Something Touching is Happening in Damar Hamlin's Mom's Latest Facebook Post, Just Hours After Tragedy


Nina Hamlin, mother of Bills safety Damar Hamlin, who collapsed on the field during Monday night’s game against the Cincinnati Bengals, has not posted specifically about her son’s condition on her Facebook. In fact, she hasn’t posted anything at all since Saturday afternoon.

But that hasn’t stopped the outpouring of support from around the country, as Facebook users have taken to leaving comments under that New Year’s Eve post in lieu of anything more recent.

The post has received 213 comments, almost all of which have come since Monday night’s game and Hamlin’s hospitalization.

“Happy New Year Yall May this year bring Everything you need for it to bring plus more,” Nina Hamlin wrote Saturday. The first six comments responded in kind.

But then, starting just before 10:00 p.m. last night, comments of support started to come in.

Hackers Seize Trump Court Docs, Release Could Shake US Election to the Core

“We are all praying for you guys,” was the first, followed shortly by “Prayers for your son” and “Praying for y’all.”

And they just kept coming.

Facebook users from Missouri, Texas, Ohio, North Carolina, Maryland, Florida and Kansas — among other places — all said that they were praying for the Hamlin family.

The Buffalo Bills revealed Tuesday that Hamlin had suffered a cardiac arrest Monday night during the team’s nationally broadcast contest against the Cincinnati Bengals. The “Monday Night Football” game was suspended after the incident, which took place with 5:58 to play in the first quarter, according to CBS.

“Damar Hamlin suffered a cardiac arrest following a hit in our game versus the Bengals,” the Bills announced in the tweet. “His heartbeat was restored on the field and he was transferred to the [University of Cincinnati] Medical Center for further testing and treatment. He is currently sedated and listed in critical condition.”

Video of the incident was posted to Twitter.

Tragic Cause of Death Released for Former US Swim Champion Found Dead in Caribbean

Warning: Some viewers may find this video disturbing.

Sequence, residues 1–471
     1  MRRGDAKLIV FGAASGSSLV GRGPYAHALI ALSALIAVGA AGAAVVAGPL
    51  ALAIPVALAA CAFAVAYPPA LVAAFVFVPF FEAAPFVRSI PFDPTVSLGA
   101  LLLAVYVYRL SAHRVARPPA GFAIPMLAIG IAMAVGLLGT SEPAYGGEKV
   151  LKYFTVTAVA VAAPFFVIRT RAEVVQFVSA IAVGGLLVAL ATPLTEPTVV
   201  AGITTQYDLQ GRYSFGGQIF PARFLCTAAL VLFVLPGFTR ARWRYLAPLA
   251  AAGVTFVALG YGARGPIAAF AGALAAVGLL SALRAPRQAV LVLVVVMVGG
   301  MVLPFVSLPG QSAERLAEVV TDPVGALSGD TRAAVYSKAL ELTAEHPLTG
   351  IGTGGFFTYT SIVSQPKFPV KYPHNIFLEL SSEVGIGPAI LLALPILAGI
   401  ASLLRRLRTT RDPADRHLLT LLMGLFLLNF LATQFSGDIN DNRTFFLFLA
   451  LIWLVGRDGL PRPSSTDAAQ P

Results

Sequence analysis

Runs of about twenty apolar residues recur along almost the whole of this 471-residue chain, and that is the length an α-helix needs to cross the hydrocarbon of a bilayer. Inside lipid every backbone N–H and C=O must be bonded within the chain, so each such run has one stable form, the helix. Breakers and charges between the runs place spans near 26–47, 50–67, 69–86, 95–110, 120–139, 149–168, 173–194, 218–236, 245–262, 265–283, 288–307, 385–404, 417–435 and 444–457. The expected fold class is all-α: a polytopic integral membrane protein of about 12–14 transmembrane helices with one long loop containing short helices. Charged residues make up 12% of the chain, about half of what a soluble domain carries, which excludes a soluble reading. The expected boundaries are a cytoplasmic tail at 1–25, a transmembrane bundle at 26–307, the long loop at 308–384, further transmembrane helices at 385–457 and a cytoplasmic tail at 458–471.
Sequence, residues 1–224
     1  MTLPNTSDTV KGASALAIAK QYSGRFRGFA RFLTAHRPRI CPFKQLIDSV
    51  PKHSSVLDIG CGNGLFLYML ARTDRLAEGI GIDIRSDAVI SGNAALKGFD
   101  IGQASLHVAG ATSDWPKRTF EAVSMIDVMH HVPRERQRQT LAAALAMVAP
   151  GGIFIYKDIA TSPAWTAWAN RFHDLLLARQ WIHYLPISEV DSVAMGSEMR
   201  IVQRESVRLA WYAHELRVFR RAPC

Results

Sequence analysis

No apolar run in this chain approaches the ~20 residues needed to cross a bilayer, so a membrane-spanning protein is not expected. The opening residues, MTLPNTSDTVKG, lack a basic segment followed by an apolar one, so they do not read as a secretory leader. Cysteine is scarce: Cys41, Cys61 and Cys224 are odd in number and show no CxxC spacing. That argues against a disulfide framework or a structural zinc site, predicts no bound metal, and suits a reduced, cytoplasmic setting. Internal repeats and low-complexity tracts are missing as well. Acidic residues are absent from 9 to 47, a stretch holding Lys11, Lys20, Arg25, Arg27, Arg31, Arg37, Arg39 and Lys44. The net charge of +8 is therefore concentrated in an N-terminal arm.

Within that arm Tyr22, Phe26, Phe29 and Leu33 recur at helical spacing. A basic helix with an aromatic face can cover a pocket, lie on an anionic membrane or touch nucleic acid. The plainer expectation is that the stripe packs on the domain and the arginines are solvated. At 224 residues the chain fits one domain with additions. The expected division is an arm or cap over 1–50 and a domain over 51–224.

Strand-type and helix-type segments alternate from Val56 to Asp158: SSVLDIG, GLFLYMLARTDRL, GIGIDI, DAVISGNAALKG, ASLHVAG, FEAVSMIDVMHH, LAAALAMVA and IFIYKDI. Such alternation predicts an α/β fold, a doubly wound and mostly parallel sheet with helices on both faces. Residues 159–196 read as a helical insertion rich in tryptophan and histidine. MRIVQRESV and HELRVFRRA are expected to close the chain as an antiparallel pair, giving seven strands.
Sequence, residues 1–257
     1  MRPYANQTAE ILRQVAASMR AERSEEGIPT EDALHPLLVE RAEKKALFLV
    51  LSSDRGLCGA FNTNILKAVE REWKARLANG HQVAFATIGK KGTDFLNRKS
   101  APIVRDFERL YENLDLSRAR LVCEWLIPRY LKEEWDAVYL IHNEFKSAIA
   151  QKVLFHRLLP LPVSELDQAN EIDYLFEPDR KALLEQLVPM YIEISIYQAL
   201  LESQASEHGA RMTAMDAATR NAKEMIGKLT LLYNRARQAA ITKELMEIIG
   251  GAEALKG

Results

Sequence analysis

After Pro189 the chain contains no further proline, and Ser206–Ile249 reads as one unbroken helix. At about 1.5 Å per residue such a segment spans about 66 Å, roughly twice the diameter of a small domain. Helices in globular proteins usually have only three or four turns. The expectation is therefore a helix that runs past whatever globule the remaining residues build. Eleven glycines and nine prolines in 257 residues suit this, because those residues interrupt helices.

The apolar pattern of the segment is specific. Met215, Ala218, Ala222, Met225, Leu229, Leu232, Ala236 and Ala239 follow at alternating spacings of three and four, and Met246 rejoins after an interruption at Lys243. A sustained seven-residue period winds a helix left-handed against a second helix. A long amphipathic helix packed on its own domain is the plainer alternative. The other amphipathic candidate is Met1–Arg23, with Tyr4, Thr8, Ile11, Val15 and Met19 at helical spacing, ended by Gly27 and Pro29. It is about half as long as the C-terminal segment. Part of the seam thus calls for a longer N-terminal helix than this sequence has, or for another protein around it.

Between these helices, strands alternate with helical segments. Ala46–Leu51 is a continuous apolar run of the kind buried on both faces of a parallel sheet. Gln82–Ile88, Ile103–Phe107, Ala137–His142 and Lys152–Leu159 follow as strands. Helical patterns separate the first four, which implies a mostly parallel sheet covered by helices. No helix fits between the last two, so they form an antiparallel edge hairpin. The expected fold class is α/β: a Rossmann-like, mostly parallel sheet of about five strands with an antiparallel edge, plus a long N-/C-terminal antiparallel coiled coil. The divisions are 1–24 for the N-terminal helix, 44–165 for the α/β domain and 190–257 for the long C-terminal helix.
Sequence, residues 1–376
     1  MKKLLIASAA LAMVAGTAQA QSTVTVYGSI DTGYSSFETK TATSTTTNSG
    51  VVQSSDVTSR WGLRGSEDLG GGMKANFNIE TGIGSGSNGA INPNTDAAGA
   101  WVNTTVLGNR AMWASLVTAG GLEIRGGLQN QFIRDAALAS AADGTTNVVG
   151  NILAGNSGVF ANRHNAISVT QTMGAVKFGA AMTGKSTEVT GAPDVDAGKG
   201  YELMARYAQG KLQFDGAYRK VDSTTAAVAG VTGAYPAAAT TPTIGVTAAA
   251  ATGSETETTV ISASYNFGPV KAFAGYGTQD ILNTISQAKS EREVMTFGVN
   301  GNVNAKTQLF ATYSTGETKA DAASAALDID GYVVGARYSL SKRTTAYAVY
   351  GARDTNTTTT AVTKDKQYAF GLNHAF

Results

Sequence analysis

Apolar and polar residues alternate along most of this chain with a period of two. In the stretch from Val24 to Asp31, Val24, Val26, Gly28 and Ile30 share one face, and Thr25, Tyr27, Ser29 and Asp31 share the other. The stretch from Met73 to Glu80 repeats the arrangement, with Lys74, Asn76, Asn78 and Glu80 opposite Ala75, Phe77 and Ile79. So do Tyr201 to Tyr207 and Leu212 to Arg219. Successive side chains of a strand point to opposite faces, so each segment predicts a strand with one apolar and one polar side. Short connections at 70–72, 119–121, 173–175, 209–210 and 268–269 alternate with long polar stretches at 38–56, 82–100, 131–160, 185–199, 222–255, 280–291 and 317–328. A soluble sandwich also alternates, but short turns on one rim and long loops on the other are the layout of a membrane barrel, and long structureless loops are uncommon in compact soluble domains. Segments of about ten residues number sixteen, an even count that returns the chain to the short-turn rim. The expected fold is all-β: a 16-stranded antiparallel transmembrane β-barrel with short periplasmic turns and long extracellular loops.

As Hamlin, 24, went to tackle Bengals receiver Tee Higgins, the Cincinnati player’s helmet appeared to hit Hamlin in the chest. Hamlin initially stood after the tackle, but then crumpled to the field.

Medical personnel then rushed to the field to treat Hamlin, who was taken off the field in an ambulance.

“Please continue to pray for Damar and his family. We currently have no update at this time. Will ask that you keep the family in your prayers,” Hamlin’s agent said in a statement, according to The Buffalo News.

After a delay, the league announced the game was postponed.

Coy Wire, now a CNN sports anchor and a former Buffalo player, said the response to the incident shows the NFL is changing, according to CNN.

“Seeing those images scratched open a lot of mental wounds for me personally. I played six of my NFL seasons there, in Buffalo, in that stadium. I played the same position. I played safety there. I’ve experienced injury, loss of consciousness … I’ve been in situations where an ambulance has come on the field, so it resonates,” said Wire, who played for Buffalo from 2002 to 2007.

He cited two instances where players had been paralyzed on the field, CNN reported.

“In both of those games, ambulances came to the field, there were players huddled, there were tears, there was crying — just like we saw last night,” he said. “But those games went on. The one last night did not.

“I think that’s a huge statement that’s being made,” he added.

Truth and Accuracy

Submit a Correction →

We are committed to truth and accuracy in all of our journalism. Read our editorial standards.

, , , , , , , , , , , , ,
George Upper is the former Editor-in-Chief of The Western Journal and was a weekly co-host of "WJ Live," powered by The Western Journal. He is currently a contributing editor in the areas of faith, politics and culture. A former U.S. Army special operator, teacher and consultant, he is a lifetime member of the NRA and an active volunteer leader in his church. Born in Foxborough, Massachusetts, he has lived most of his life in central North Carolina.
George Upper, is the former editor-in-chief of The Western Journal and is now a contributing editor in the areas of faith, politics and culture. He currently serves as the connections pastor at Awestruck Church in Greensboro, North Carolina. He is a former U.S. Army special operator, teacher, manager and consultant. Born in Massachusetts, he graduated from Foxborough High School before joining the Army and spending most of the next three years at Fort Bragg. He holds bachelor's and master's degrees in English as well as a Master's in Business Administration, all from the University of North Carolina at Greensboro. He and his wife life only a short drive from his three children, their spouses and his grandchildren. He is a lifetime member of the NRA and in his spare time he shoots, reads a lot of Lawrence Block and John D. MacDonald, and watches Bruce Campbell movies. He is a fan of individual freedom, Tommy Bahama, fine-point G-2 pens and the Oxford comma.
Foxborough, Massachusetts
Beta Gamma Sigma
B.A., English, UNCG; M.A., English, UNCG; MBA, UNCG
North Carolina
Languages Spoken
Topics of Expertise
Faith, Business, Leadership and Management, Military, Politics